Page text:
Wearing Words was written by Nishat Hossain in response to a recent three person exhibit at Grizzly Grizzly, Tongues, Ties, in which Hossain teases out and explores the relational underpinnings of the exhibit.
The opening shot of Brendan Fernandes’ Foe (2016) confronts us with a mouth straining to produce bizarre phonemes, then cuts to an entire face contorting itself around syllables that struggle to make their way through the body we encounter. Fernandes’ stands in front of a blackboard with residues of chalk, deposits of erased letters and sounds, flattening the background to point us to the body laboring to erase the accent resounding through its flesh.
We are asked to spectate as he has his tongue ripped out from the back of his throat. But here there are no rasping knives, blotches of blood, or warm, throbbing, dismembered tongues. This is not the kind of mutilation of the tongue that Coetzee details in his novel Foe (1986). It is the less gory counterpart to the mutilated tongue: the mutilated accent.
Fernandes enacts the following passage from “Foe:”
Is Friday an imbecile incapable of speech?” I asked. “Is that what you mean to tell me?” (For I repeat, I found Friday in all matters a dull fellow.) ‘Cruso motioned Friday nearer. “Open your mouth,” he told him, and opened his own. Friday opened his mouth. “Look,” said Cruso. I looked, but saw nothing in the dark save the glint of teeth white as ivory. “La-la-la,” said Cruso, and motioned to Friday to repeat. “Ha-ha-ha,” said Friday from the back of his throat. “He has no tongue,” said Cruso. Gripping Friday by the hair, he brought his face close to mine. “Do you see?” he said. “It is too dark, .. said I. “La-la-la, .. said Cruso. “Ha-ha-ha,” said Friday. I drew away, and Cruso released Friday’s hair. “He has no tongue,” he said. “That is why he does not speak. They cut out his tongue.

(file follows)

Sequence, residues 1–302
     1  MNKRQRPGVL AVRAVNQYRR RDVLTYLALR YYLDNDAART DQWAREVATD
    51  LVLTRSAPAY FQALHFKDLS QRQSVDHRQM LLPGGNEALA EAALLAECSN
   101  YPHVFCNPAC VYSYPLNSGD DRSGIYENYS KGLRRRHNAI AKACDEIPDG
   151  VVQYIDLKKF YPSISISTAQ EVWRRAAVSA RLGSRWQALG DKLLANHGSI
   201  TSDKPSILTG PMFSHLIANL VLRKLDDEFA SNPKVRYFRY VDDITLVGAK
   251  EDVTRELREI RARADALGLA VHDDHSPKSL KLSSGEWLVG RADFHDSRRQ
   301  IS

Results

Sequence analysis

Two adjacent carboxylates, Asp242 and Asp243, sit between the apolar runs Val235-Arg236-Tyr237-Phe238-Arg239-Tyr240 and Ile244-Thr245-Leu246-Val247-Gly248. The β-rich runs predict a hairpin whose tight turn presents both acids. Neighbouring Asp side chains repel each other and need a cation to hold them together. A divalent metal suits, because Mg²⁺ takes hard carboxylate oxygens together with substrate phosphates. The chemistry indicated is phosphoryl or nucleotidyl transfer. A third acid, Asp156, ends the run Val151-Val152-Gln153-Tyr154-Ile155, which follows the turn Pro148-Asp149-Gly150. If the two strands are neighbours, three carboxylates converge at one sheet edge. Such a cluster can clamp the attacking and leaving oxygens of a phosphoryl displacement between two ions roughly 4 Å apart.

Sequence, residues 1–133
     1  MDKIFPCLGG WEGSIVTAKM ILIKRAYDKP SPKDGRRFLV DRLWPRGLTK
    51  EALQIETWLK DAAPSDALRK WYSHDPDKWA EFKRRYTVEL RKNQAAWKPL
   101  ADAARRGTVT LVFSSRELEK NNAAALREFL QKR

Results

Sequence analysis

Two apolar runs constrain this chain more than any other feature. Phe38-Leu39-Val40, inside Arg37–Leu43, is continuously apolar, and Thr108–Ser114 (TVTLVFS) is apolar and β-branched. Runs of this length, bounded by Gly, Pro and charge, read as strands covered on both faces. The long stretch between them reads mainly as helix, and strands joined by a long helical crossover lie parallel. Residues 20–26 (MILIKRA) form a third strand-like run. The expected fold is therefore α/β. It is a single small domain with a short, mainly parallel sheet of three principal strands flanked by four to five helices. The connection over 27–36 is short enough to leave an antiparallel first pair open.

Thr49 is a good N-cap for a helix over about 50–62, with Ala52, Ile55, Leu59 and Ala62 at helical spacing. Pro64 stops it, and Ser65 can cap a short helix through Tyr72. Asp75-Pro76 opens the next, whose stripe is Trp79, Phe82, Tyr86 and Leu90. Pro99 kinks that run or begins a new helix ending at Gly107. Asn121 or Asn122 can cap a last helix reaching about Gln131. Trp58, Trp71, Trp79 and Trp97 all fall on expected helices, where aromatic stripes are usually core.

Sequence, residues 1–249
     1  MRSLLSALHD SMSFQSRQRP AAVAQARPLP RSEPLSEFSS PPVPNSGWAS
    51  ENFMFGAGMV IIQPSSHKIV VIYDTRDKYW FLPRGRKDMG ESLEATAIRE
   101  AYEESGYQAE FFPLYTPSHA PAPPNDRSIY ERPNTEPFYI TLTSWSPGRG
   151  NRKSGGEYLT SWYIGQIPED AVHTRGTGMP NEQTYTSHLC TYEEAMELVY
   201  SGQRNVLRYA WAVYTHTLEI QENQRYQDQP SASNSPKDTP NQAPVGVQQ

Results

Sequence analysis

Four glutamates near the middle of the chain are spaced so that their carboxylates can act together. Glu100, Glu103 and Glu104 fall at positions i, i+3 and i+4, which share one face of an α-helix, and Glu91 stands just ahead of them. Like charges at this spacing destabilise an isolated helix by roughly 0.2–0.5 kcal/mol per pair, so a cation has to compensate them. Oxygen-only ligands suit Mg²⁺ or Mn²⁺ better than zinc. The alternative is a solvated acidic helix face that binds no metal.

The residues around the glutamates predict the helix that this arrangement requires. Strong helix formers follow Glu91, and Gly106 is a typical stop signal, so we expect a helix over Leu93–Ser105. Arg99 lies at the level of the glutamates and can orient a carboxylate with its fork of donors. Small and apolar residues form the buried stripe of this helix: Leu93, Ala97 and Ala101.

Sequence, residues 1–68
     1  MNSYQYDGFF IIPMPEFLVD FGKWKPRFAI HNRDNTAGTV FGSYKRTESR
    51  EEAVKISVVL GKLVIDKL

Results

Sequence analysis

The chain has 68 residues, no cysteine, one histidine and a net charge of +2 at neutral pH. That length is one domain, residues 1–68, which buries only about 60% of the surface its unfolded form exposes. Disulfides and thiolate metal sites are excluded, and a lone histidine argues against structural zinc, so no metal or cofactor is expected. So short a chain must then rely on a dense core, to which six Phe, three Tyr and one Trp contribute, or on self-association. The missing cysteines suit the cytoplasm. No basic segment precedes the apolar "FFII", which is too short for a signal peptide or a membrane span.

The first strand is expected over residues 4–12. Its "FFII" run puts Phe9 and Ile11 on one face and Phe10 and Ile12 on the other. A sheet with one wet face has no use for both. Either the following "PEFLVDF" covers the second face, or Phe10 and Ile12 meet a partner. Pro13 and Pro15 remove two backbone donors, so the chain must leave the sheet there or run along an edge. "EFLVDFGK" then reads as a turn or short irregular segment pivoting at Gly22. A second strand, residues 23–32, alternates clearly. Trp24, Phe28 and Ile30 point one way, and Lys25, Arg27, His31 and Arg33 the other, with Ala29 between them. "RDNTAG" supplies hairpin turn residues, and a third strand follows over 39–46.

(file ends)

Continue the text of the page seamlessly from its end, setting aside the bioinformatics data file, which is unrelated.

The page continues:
However, instead of miming a person with no tongue, Fernandes mimes a person with the wrong sort of tongue, a shameful accent. What is it that he gets right in getting it so wrong, in replacing a mute, literally tongueless colored body with instead a speaking yet, metaphorically tongueless one?
As a child I would often misspeak/mutilate my native tongues for fun. I would mimic the accents of American and Americanized folk whose tongues could not render meaningful the difference between the postalveolar stops ড [d̠] and ঢ [d̠ʱ] or between the unaspirated ব [b] and the aspirated ভ [bʱ]. I would do the reverse as well, I would mimic the tongues of my South Asian counterparts’ various accents. I could never succeed in the latter though. It always sounded wrong, so much more wrong. Acting out Americanized Bangla felt nauseating enough, but there was something doubly nauseating about acting out Bengali English. Fernandes’s video-work helped me appreciate the complexity of this nausea and its cause.
It is a nausea tinged by shame and disgust. The shame of not being afforded the dignity to adequately humanize oneself to others in language. That thick layer of otherness eats away at all you could ever speak; and so appears the abyss of linguistic and cultural incomprehension. Even with a tongue, you feel as though you do not have one, that you could never move it to speak in a way that would make you seem as vulnerably human as those who speak to you. It is the nausea all white folk and their careful tongues provoke in me, the nausea they tell me to feel at my puzzling face and its mismatched tongue, my false tongue.